le !y atd ot is tg td ;j. of Je rs ld r. rs S 'll lS t, /8 11a nt ld il• ... . tn, k r, 1fl y, i te C• is li II• U• l !d ld II P 10 le a. if b et ;i-d II oof S• et )e is n te le ts ?S C )e LY U nt in F e 1W ant n. is !d ty USF's Central Park All that is lacking in this picture of '& spring couple in the park is some birds to feed, although there are plenty of them around campus. The shrubbery planted around t _he formerly desolate Crescent Bill north of the University Cen ter provide a pleasant spot for couples to spend leisure time. FOR FRATERNITIES Fall Rush Registrati,on Set For April 5, 6, 7 IFC The Interfraternity Council has announced that rush reg istration for the fall quarter is set for April 5, 6', and 7 in the University Center Lobby, Argos Cafeteria, and Andros Center. Southeast April 8. The ban quet will be held at the Swe den House with either Gover nor Claude Kirk or former Governor LeRoy Collins, both active SAE alumni as the guest speaker. SIGMA EPSILON Rush itself will be the week of Sept. 10 to 17. The April registration dates will be the only registration opportuni ties. Karl Wieland was elected president of Sigma Epsilon colony two weeks ago. His term, effective immediately, will run until March, 1968. ENOTAS Enotas Fraternity was the guest of the Tampa Alumni of Sigma Alpha Epsilon Frater nity at a smoker last night. The smoker was held at the Palma Ceia Country Club. Enotas is hosting a banquet for representatives from all of the SAE in the Other officers elected were Bob Wilson, vice president; Rick Smith, recorder; Steve Rinck , controller; Bill Sands, chaplain; Tim Russell, pledge educator; and Tom Parke, secretary. They were installed by national Grand President C. Maynard Turner March 12. Wieland made committee WEDNESDAY, MARCH 29, 1967 Off.IC.IGI Not•l"eS Chancellor ot the University of Konstanz. ,.. Konstanz, West Germany, on "The Do-Bulletin Board notices should be sent dl of German Foreign Poll reel to Direc t or, Office of Campus Publl cy. Apnl 6, 8 .30 p . m •• BSA. . . cations CTR 223 no tater than Thursdoy SYMPOSIUM on Nuclear Medocme, Frl for following Wednesday. day, 8 :3 0 a.m., CTR 2<43, 252. Time and room schedules of campus or COLLEGE DAY: County, ganlzations meeting regularly are (:)<)Sled noon Fnday, S. CTR Dlntng Room. in the University Center lobby. HUMANITIES ART ED U CAT t 0 N TEACHERS, 10 a.m .. CTR 201. THE GYMNASIUM will not be available INTRAMURAL Planning Conference, 8 for use from noon Friday until Monday a.m., Saturday, CTR 200, 204, 205. because of preparation lor the Physical CONFERENCE: Humanllie> • Art, 9 Education Building dedication a.m., CTR 251. PRINTING ORDERS: State and Unlversl EXHIBIT: Visual Arts Workshop, all tv procedures require tho! all printing week, CTR 108. requisitions be processed through Pro curement before any order Is Co-Op Placement Certain publications must also requore the approval ond services of the CoordiMtor Students Interested In Co-operative Edu of Publications, Information services calion Training assignments for Trlmes (policy statement No. 41) . Requisitions ter Ill or for tho first quarter September, for any printed matter should be present i967, should apply in ENG 37 at the ear td at least six weeks prior to the desired liest date possible. These are poid train delivery dale. ing assignments where students ore COMMENCEMENT REGALIA: S t a If pieced In areas of professional Interest. members who wish to rent academic re New listings for Trimester II t I nclude: galla lor the April 23 Commencement ZOOLOGY MAJOR or student with inter must see Mrs. Jan Chrzanowski (ext. est In herpetology, opening in Florida for 631) no later than April 7. Orders raTrimester 111. Student must be tall, re ceived otter thot will Include fee to cover bust, and not wear bifocals, and 21 years air postage. of age bY April 24. GRADE CARDS for Trimester II gradu NEW OPENINGS for majors In account atlng seniors are due In !he Registrar's ing, engineering, physics, chemistry, and Office prior to 5 p.m . April 17. math. CHANGE OF GRADE FORMS are no lo nger distributed by the Reglotrar's Of WUSF TV Cb I 16 flee and are available only In the porticu- • anne lar department and course choirmen of flees. In structors are requested to obtain 5 •00 forms from the appropr ia te office, com5 :30 plele ond return to director or course 6 .00 chairmen for _signature and forwarding to 6 ,30 the Registrar tn sealed envelopes. 7 .00 MEMORIAL SCHOLARSHIP FUND for 7:30 the children of the lote Or . Ovid Futch 7 :40 hos been Initialed by fri ends on tho Uni 8:00 versify staff. Donations will be accepted 8 :3 0 9 ; 0 0 tt>ey are for the Ovid L. Futch Memori al 5 .00 Scholarship Fund. 5:30 DEDICAT10N of the Physical Education 6 :00 Build i ng will be 2 p.m. Sunday, The 6 :30 building will be open for tours and dem 7 :00 onstratlons at 3 p.m. 7:30 APPLICATIONS FOR EDITORSHIP of the South Florida Review, USF's literary 8:00 magazine, will be accepted by the Office 8 : 3 0 of Campus Publicat i ons, CTR 223, up to 9 :00 5 p.m. Friday, April 7. Any graduate or undergraduate student in good stonding S :OO with the Unlverslly may apply; appllca 5:30 11ons are not limited to journalism stu 6 ,00 dents. Interviews will be arranged the 6, 30 week of April 10. 7:00 -A. M. Sander s on, Director 7 . 3 0 Office of Campus Publ icotioos COMMENCEMENT CONVOCATION will 8 :00 begin at 5 p . m .. Sunday, April 23, In the 8 :30 area on the north side of the Admlnislra 9 :00 11on Building . In t)le event of rain, cere 9 :30 monies will be i n the Theatre. Caps and gowns moy be picked up in the USF 5 Bookstore between April 17 and 21, If or5 :30 dered before March 20. 6;00 Campus Date Book THURSDAY S. A. LEGISLATURE, 7 p . m .• CTR 252. USF THEATRE: "Tiny Alice," 8:30 p.m., Theatre. FRIDAY ATHENAEUM RECEPTION: 2 p . m ., CTR 255-6. MOVIE: "TM Amorous Adventures of Moll Flanders.'' 7 Md 9:4.5 p . m • • FAH 101. USF THEATRE: "Tiny Allee," 8:30 p.m., Theatre. SATURDAY CHILDREN'S FILM SERIES: "Panda end lhe Magic Serpent.'' 10:30 a.m •• FAH 101. TRI DELTA Pansy Breakfast , 11 e.m., CTR 248. 6:30 7:00 7:30 7:40 8:00 8:30 9:00 5:00 5:30 6:00 6:30 7:00 7:30 7:40 8.00 8:30 9:00 9:30 TODAY Swedish Scene Miss Nancy 's Store Quest Science Re(:l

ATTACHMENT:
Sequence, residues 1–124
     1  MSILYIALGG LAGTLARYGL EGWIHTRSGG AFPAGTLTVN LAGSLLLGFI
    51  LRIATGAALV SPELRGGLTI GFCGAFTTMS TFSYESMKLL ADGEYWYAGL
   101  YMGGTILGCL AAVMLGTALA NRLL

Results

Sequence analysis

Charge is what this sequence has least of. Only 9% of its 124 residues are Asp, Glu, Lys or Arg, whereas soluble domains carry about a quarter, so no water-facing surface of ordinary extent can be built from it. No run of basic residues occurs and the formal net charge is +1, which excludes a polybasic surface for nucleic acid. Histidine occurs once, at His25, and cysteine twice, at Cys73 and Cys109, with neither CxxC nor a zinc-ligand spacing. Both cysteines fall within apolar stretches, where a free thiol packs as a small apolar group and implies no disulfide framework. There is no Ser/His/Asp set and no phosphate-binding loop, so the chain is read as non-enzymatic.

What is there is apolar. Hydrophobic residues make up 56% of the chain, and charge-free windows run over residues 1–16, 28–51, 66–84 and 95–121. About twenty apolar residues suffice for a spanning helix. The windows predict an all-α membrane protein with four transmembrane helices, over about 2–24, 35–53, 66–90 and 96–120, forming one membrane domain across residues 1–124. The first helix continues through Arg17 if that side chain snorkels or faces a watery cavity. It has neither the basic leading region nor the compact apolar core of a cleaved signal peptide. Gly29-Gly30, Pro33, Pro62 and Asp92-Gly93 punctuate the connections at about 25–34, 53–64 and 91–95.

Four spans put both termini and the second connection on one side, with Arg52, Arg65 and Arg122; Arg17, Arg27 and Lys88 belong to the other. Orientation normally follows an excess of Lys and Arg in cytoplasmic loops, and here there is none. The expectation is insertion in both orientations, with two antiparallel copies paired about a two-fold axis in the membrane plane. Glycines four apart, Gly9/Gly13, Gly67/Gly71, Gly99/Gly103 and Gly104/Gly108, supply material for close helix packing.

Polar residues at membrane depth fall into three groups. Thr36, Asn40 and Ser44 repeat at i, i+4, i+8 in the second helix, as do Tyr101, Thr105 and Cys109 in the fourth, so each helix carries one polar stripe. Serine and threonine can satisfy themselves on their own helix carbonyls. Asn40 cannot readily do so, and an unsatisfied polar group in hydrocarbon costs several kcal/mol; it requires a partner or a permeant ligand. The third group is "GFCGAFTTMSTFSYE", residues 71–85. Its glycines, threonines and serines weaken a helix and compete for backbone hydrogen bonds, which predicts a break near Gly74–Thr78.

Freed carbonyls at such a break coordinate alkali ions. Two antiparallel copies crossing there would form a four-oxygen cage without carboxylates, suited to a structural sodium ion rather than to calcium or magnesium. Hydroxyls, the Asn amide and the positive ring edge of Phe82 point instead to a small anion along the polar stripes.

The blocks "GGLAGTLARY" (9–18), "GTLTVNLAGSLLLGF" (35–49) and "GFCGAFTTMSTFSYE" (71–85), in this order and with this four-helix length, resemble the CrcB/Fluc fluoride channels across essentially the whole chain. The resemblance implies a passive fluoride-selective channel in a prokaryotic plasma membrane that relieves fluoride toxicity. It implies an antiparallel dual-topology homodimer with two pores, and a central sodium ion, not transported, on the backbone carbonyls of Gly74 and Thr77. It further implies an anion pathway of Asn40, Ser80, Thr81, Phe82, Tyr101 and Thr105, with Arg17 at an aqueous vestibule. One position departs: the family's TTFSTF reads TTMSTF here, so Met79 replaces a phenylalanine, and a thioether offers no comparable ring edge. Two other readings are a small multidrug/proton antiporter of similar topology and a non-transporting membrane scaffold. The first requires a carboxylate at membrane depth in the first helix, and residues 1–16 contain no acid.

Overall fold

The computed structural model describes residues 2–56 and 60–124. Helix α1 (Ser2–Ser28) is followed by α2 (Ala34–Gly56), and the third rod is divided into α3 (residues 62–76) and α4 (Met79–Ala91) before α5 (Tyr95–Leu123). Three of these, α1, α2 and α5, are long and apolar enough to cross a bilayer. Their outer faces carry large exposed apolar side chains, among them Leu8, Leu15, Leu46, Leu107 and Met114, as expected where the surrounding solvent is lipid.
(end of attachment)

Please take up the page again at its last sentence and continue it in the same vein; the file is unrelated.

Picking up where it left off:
Brahmans Shoot For No.'s 8 And 91n R w By JEFF Sl\IITH Sports Writer South Florida's baseball squad, 9-2, rolled to its sixth and seventh straight victories last weekend, topping Bel mont Abbey 9-1, 3-2. USF faces Michigan's Spring Arbor Friday at 4 p.m. in the USF field, and, are at home against Stetson at noon Saturday. Right-hander Marv Sherzer stopped the Crusaders on seven hits Friday night. The Brahman hurler fanned 10 while running his record to 4-0. Sherzer has a fantastic 0.28 earned run average, and the slim right-hander has also recorded 33 strikeouts. USF WASTED no time get ting on the scoreboard as first baseman Augie Schen zinger sliced a two-out single, scoring Art Ulmer. Schenzing er went 3-3 and owns a .407 mark. Crusader catcher Larry Hartsell ripped a one-out dou ble in the fourth inning, and singles by John Lawing and John Hickey scored the only run for Belmont Abbey. Schenzinger was the key to the Brahmans' second run as the big lefty slapped a double down the leftfield line. He scored on a Crusader miscue. SOUTH FLORIDA scored a run in the fifth on a Jesus Garcia single and opened up in the sixth with three runs. Howie Fisherman, Sherzer, Dana South, and Schenzinger collected singles in the Brah man eighth to ice the 9-1 tri urn ph. Saturday's game went 11 in nings, but the Tampa squad won 3-2. Right-hander Mike Macki started for USF, but hurt his arm in the fourth in a similar way as Brahman righty Gary Trapp. Tom Cave is also out with an injury, leaving the Brahmans only four hurlers for the weekend. Steve Keller, Crusader sec ond baseman, drilled a Macki pitch to left in the fourth, scoring Lawing with the game's initial tally. SLUGGER Ulmer drove a double to right center in the Brahman fourth and South singled the shotstop home. Garcia slashed a double and South scored, giving USF a 2-1 lead. Right-hander John Sakkis had little trouble retiring the Crusaders until the ninth as he fanned five in five innings. Abbey backstop Tony Gior dano led off the ninth and reached first on an error by Brahman second baseman Art Richardson. Sakkis retired the next man on a fly to center field. The Crusaders gambled as they sent pinch-runner Tom Seifers to second on an attempted steal, but Garcia fired a strike to Ulmer for the putout. DOUG EASTON hit a single and stole second, giving the Crusaders a good chance to score. AI Whitlock rifled a double to left center, scoring Easton and knotting the score. Neither team was able to stage a rally until the Brah man eleventh. Ulmer rolled one toward the shortstop, and reached second on a throwing error. South was intentionally walked. Kerr ' s first pitch to pinch-hitter George Miquel was wild and both runners ad vanced a base. Miquel was then intentionally walked. Belmont Abbey brought their rightfielder in to first base and their first baseman in halfway to home, hoping to eliminate the possibility of a bunt, but the strategy failed as Garcia drew a walk, scor ing Ulmer. A FORM of speed-up base ball was used during the se ries. If the pitcher or the catcher reached base, the rules allowed a courtesy run ner to go in and run for the player. The player could re turn to his position the next inning. Phofo by Allan Smlttl Brahman Power Brahman rightfielder Dana. South is leading the team in runs batted in as well as hitting .341. lie also has powered one homer, batting from his cleanup position. Sout.h is a. transfer from Edison Junior College. 6March 29, 1967, U. of South Florida, Tampa USG 9, Abbey 1 IIILMONT ABBEY SOUTH 'LORIDA Easton cf Whitlock If Hartsell cf Lawing 1b Hickey 3b Keller 2b Adelmy ss Giles rf Pegochnik p Sullivan p 1b r h bl tb r h bi 4 o 2 o McGorv 3b s 0 0 0 4 o I o Rich'son 2b 5 1 2 0 -4 1 2 o Ulmer ss 3 3 1 1 3 0 1 o South rf 4 1 1 o 4 o 1 I Sch 'ger lb 3 2 3 1 4 0 0 0 Garcia c 5 0 I 1 3 0 o 0 Heykens cf 4 0 1 o 3 0 0 0 Flsh'man cf 5 I I I 2 o 0 0 Sherzer p 4 I 1 1 1 0 0 0 Totals 32 I 7 1 TOll IS 31 f II S Belmont Abbey 000 100 000-1 south Florldl 101 113 OJx-t E-Hickey, Adeimy 4, Hoykens. OP Belmont Abbey, South Florida. LOB Belmont Abbey 5, South Florida 13. 28Hortsell, Schenz lnger. 58-Richardson, Ulmer, Heykens, M i guel 2 . IP H R ER BB SO Pogachnik (Ll 4 1 3 3 2 3 5 Sulllvon 3 2 8 6 3 3 4 Sherzer lWl (4-0l 9 7 1 I 1 0 HPB-By Pogachnlk (McGary, Hey kens). WP-Sullivan. USF 3, Abbey 2 BELMONT ABBEY SOUTH FLORIDA tb r 1t bl 1b r h bl Easton cf Wh i tlock If Hartsell r f c Lawing lb Hickey 3b Keller 2b Adelmy ss Giordano c G iles rf Soden p s 1 2 0 MeGa ry 3b s o o o 6 0 2 1 Rich' son 2b s 0 0 o 5 0 0 0 Ulmer ss 5 2 3 0 4 1 I 0 South rf 4 1 1 1 5 0 1 0 Sch'ger 1 b 4 0 I 0 5 0 2 0 Garcia c 4 0 1 2 5 0 o o Fish'man cf 3 0 o 0 4 0 0 0 Gray ph I 0 I 0 1 0 0 o Jolinski lf d 4 o 1 o 5 0 1 0 Mackl 11 I 0 0 0 Sakkls p 3 0 0 0 Toftls ts 2 f I Tot11s 3' l I 3 Belmont Abbey 000 100 001 00-2 South Florida 000 200 000 01-3 E-Adetmy 2, McGary, Richardson 2, Ulmer, Schenzinger. LOB-Belmont Ab bey 12 , South Florida 9. 2 8-Whltlock 2, Keller, Ulmer, Garcia. SB-Eoston, Ke f fer, Adeimy. Soden L Kerr Mock I Sakkis W (2 0) WP-Soden. IP H R I!R BB SO II 83312 0 00020 3 1 " 1 0 0 3 72-351127 Andros OHices Done By July, Ready By Fall The A n d r o s Classroom Office Building complex will be open for the fall quarter, according to Clyde Hill, direc tor of Physical Plant. Work is progressing on schedule, he said, with a com pletion date of July 1 antici pated. The building is designed for 10 classrooms and 29 faculty offices, but Hill said it will "probably be used for faculty offices only" until the College of Education Building is com ple ted. Photo by Allan Smith Head Cheerleader? USF Baseball Coach Hubert Wright seems to be fulfilling the role of head Brahman cheerleader. Wright has been happy lately the Brahmans haven't lost in their last seven games. Golfers Left Alone USF's golf t eam had to put ter around by themselves last Saturday. T h eir s che duled op ponent, Rochester, didn't show up. This is the last sch eduled matc h of the season for the Brahmans , who are presently 2-4. WUSF-FM r To Broadcast Friday Game USF's baseball game with Spring Arbor College, from Michigan, this Friday after noon will be broadcast live over WUSF-FM (89.7) radio starting a t 4. Robert A. Gold stein and Ed ward M. Silbert, both of the USF history department, will be the game an nounc ers. Golds tein and Silbert have broadcast two other Brahman home games. Those two were agai nst St. Andrews and Bel mont Abbey . Goldstein is a former collegiate baseball TONITE thru SAT.! (MARCH 29-APRIL 15t) . . , uA SPLASHY, SURF-SOAKED SLEEPER! BREATHTAKING! IMAGINATIVE! the nica1t surpr(te to hap,en in e lonst time. Unlen j"ud enjoy turn•ng your back enta re y on hfe, yo• ohould not mill tho broothtoking lhoh.l" Gray Kelly BRAHMAN BASEBALL STATISTICS G AB R H 211 311 HR RBI SAC SB HP BB SO PO A I! Avg . Fld. s 8 -4 1 0 0 1 0 0 0 0 0 1 0 2 .soo .667 2 2 0 1 0 1 0 3 0 0 0 1 0 0 2 0 .500 1.000 Conference On Tap For lntramurals Dr. Richard Bowers, Brah man coach, told the Oracle Sunday that Rochester had written confirming the date (See Related Story This Page) MOTORCYCLE RACES Sunday • April 2 Cave Sthentlngar Ulmer South Bled SOil Trapp Garcia Richardson Fischer Jolinskl Sakkis Macki Fisherman Heykens Sturkie McGary Sherzer Miquel Shaw Rofz Tallis Sherur Mack I Sakkls Trap!) R itz Cave Kelly TalliS 2 2 0 1 0 0 0 1 0 0 0 0 1 1 2 0 .500 1.000 10 27 4 11 2 0 0 -4 0 0 0 -4 3 .53 2 2 .407 .965 11 42 12 17 6 0 1 9 0 2 0 6 11 16 33 7 .405 .875 11 44 10 15 4 0 1 12 0 0 0 s 8 19 0 0 .341 1.000 3 3 0 1 0 0 0 0 0 0 0 0 1 0 1 0 .333 1.000 2 3 0 1 0 1 0 0 1 0 0 1 1 1 3 0 .333 1.000 10 l9 2 12 3 0 0 7 0 0 0 3 6 7'1 II 1 . 308 .98 9 8 27 4 8 1 0 0 2 1 1 0 5 6 20 s 4 .,296 .862 8 U .3 4 0 0 0 3 1 0 0 3 I 29 2 1 .286 . 969 9 12 3 0 1 0 2 0 1 1 3 2 2 0 1 .250 . 667 5 8 2 2 0 1 0 2 0 0 0 0 0 0 2 I .2 50 .667 5 8 1 2 0 0 0 1 0 0 0 0 4 1 s 1 .250 .857 8 26 4 6 0 0 0 3 1 1 0 0 4 5 0 0 .231 1.000 7 14 1 3 0 0 0 1 0 1 1 3 4 6 0 1 .214 .857 9 25 9 S 1 0 0 3 1 2 0 6 1 9 1 2 .2QO .833 11 48 12 9 5 1 I 7 I 2 1 3 7 30 2A 6 .188 .900 4 12 4 2 0 0 0 1 1 0 0 2 0 1 12 0 . 167 1.000 7 7 4 I 0 0 0 2 0 3 2 5 3 8 6 2 .Hl . 875 I I 0 0 0 0 0 0 0 0 0 0 0 0 0 0 .000 .000 3 2 0 0 0 0 0 0 0 0 0 0 1 I 2 0 .000 1.000 II 374 79 101 23 S 3 64 7 1a S 50 64 282 83 31 .2" .922 G GS GF CG W L Pet. IP H R Ell BB SO WP Blk Hbp Bfp ERA 4 4 2 2 4 0 1.000 30 1 H 5 1 7 33 2 0 0 114 0 .28 s 3 1 0 0 0 .000 20 15 9 6 13 16 1 0 0 89 2.70 s 0 3 0 2 0 1.000 17 16 5 3 3 16 0 0 2 74 1.59 2 2 1 I 1 0 1.000 10 2 3 2 1 3 8 0 0 0 39 0 .84 3 1 1 0 1 2 .333 6 1 12 10 6 6 1 2 0 1 38 8.10 2 0 2 0 1 0 1.000 5 5 3 3 2 3 1 0 0 22 5.40 2 1 1 0 0 0 .000 4 2 3 4 0 6 6 2 0 0 25 0 . 00 II II II 3 9 2 .8 18 t4 U 38 20 <40 83 I 0 J <401 1.82 Heath Out For Weekend; Brahmans Home, Away Chip Heath, South Florida's top men's tennis player, wlU probably not see action this weekend, according to Brah man Coach Spafford Taylor. USF plays Wesleyan, of Connecticut, on the Andros Courts at 6:30 Friday night and Jack sonville there Saturday. Heath spent last weekend in a hospital in Fort Myers. The Brahmans were in nearby Cape Coral participating in that city's Invitational Tennis Tournament. ARRIVING 1N CAPE Coral Thursday night, the Brahman ace suffered what doctors be lieved at first to be an appen dicitis attack. He was rushed to the hospital in Fort Myers where plans were made for surgery. More testing, howev er, led the doctors to change their diagnosis to have his condition caused by a virus. He was released from the hos pital at 9 a.m. Sunday. Heath is still under doctor ' s care and is taking medication. Told to rest at least a week, he still hopes to play this weekend. But Coach Taylor says that he is not planning CSO Nets Nearly $100 From Its Bake Sale The Bake Sale held at St. Patrick' s Catholic Church by the Catholic Student Organiza tion (CSA) brought in nearly $100 to the club treasury. Thursday, at 7 p . m. in the University Center, the last scheduled meeting of the tri mester will be held. CHIP HEATH • • • has virus. on using the sophomore star in either of the matches. The absence of Heath will be felt by the Brahmans in both matches, Friday and Sat urday. Taylor says that Wes leyan is a good team and that the Brahmans will have a tough time competing with them. The match with Jack sonville is the third between the two universities this spring. The Dolphins took the first two. WHILE HEATH was taking . his meals in the form of glu cose intravenously, his team mates were facing some of the top collegiate tennis players in. the country. The tournament was domi nated by Mississippi State. Seeding three of their men in the top seven seeds in the tourney, MSU sent out warn ing notices to the rest of the Southeastern Conference that they are out after Tennessee again. Led by Australian Bob Brian, the Maroons were fol lowed by Southern Illinois, Wisconsin, Rollins, Amherst, Wesleyan, Pennsylvania, Kal amazoo (Mich.) College and USF. COACH TAYWR s a i d, "We're just not in that cali bre, but it was good experi ence for us playing against some of the best in the country." Results for the Brahman matches: Penna (Southern Til.) def. Rinehart, 6-1, 6-0. Siegel (Wis.) def. Morton, 6-1, 6 -0. Koch (Kalamazoo) def. Howze, 6-1, 6 -2. Yang (South ern ill.) def. Bell, 6-2, 6-1. Cadwallader (Miss St.) def. Blevins, 6-2, 6-2. Griffith (Rol lins) def. de la Menardiere, 6-3, 6-2. Berner Signs As New Golf Coach Stetson golf and soccer coach Wes Berner will leave the DeLand school July 1, ac cording to USF officials, to take the positions of golf pro and manager of USF's new 18-hole, par-72 golf course. Berner, who has coached at Stetson 19 years, will teach two or three golf classes and coach USF's 1968 golf squad. He has taught golf in Connect icut the last 14 summers. Berner, whose coaching ca reer began in 1947, handled Stetson's soccer team eight years and won the 1964 Flori da Intercollegiate Conference title. He also has coached football and track for three years. An Intramural Planning Con ference will be held this Sat urday at 8:15 a.m. in CTR 252. Ail teams are to have two representatives. Phi Delta Theta and Sigma Nu meet tomorrow in what will probably be the deciding game for the Fraternity A league championship. Both teams had 4-0 records Mon day . The winner goes into the tournament nex t week. Delta Tau Delta assured themselves of a tourney berth with the championship of Fra ternity B. The Delts beat ATO 8-6 last week to win it. ALPHA 4 WEST clinched their league title last week also with a 9-1 victory over 3 West. Beta 3 East and 4 West were tied at press time for first in the Beta league wit h 3-1 marks. Beta 2 East, with 4-2, and 3 West, with 2-1, were righ behind . The Sugar Kings ripped to the top in the Independent league with two victories over Kopp's Killers and the Chiefs. RESULTS TEP 13, 12 Beta 3 E 21, Bet 3 W s Alpha 4 W 9, Alpha 3 W 1 PDT 10, TKE 4 Alpha 2 W 8, A l pha 4 E Beta 2 E 7, Eeta 4 E 3 SN No. 2 8 , TXO 1 LXA 8, ATO 3 SN 29, KS -4 DTO 8, ATO 6 BT 6, S l g Ep 2 Sugar Kings 9, Ch iefs 7 Alpha 3 W 11, Alpha 2 E 5 TKE 13, Sig Ep 12 PDT STANDINGS Fraternnity A NEAL JENKINS • . • 11th in Steeplechase. USF Runner Finishes 11th Neal Jenkins, who ran on the USF cross country team, entered the Florida Relays unat tac hed from South Flori da. The junior finished 11th in the 3000-meter steeplechase, in which 20 of the 25 starters finished. Jenkins, a transfer from St. Pete JC, finished second in the open mile event at the state championships a few weeks ago. SN PIKA KS TKE BT Sig Ex DTD TEP LXA Enotas ATO .SN No. 2 TXO 4 West 3 West .1 East 2 west 3 Easf 2 East 4 East 3 Eost 4 West 2 west 3 West 4 West Ground East _Mu I E Zeta Mu 2 W Sugar Kings Kopp's Ch i efs Wednesday Frlternlly II Alpha Beta Andros Independent SchedUII A lpha 4 E Aipha 3 E Wednesday Alpha 2 EAipha 4 W Alpha 2 WA ipha 3 W TXO-Enotas SN No. 2 -TEP Thursday Alpha 3 WAII)ha I E TKE-KS PIKABT POT-SN Golfers 4-0 3-1 2 2 1 0.6 5 2 2 2-2 2 1-3 0.4 Dr. Bowers •.• Brahman coach. and had also sent a letter tell2 ing h i m that they were con firming reservations at an off-campus motel . Bowers said that he had called the tl Rochester coach's home and was told that the team was in 1-3 Florida. 0.4 "So," Bowers added, "they're somewhere in Flori da , but we don't know where. " He said that his de-0-3 partment would check this week to see what happened to 3-0 2-0 1 3 :20 4 :20 the New Yorkers. Chances fot• next week's op ponen t showing up are better. T h e Brahmans play the Uni versity of Tampa . In their year of serious competi tion intercollegiate l y, t h e Spartans will meet the Brah mans at noon on Saturday at the Carrollwood Country Club. at the -Pasco County Fairgrounds -Quarter Mile Dirt Track -* WHEELIE CONTEST * MATCH RACES LOCATED 3 Miles We5t of Dade City on State Road 52. DIRECTIONS Go 20 miles north on Interstate 75-Turn right at State Road 52 Exit. Proceed Ea1t to the Fairground5. Spon5ored by Clearwater Motorcycle Club $1.50 ADMISSION RACES BEGIN AT 2 P.M. Winners, Losers Be a Magnificent Man in a Flying Machine! "How to enter a three-way goll match and have all three teams win," was the title of USF's venture in Sarasota March 18 . Playing a four-man match with Manatee Junior College, the Brahmanswon 7-5. In a six-man match with Georgia State , USF lost 9lh-81h. TO COMPLETE the circle, MJC beat Georgia State 7-5 in a four-man match. Scores soared on the De Soto Lake Country Club Course. Brahman Bob "Tuck" Stricklin took low honors with a three-over par 75. McLeod of Georgia State tied Stricklin in individuals with a 75 also . MJC's Tom Robertson shot a 76. Robertson plans to attend USF next fall and play golf for the Brahmans, according to coach Dick Bowers. THE BRAHMANS will be at home (Carrollwood Country Club) th i s Saturday for a noon match with the University of Rochester. The following Sat urday, USF closes its season with a match at home with the University of Tampa ' s Spartans. LEARN TO FLY! Introductory Lesson ONLY ss Special USF Offer Ecco Flight Trainin g can get you oH the ground and into the air for your own pilot's license for ONLY $35 A MONTH • Certified by the Federal Aviation Agency • We use Cessna 150's and Piper Cubs • Ground School, 60 hours • Actual solo flying, 20 hours • Dual flight training, 18 hours • All necessary materials provided • Radio-telephone license, FAA fees included Ecco Flight Training Call Now -988-4727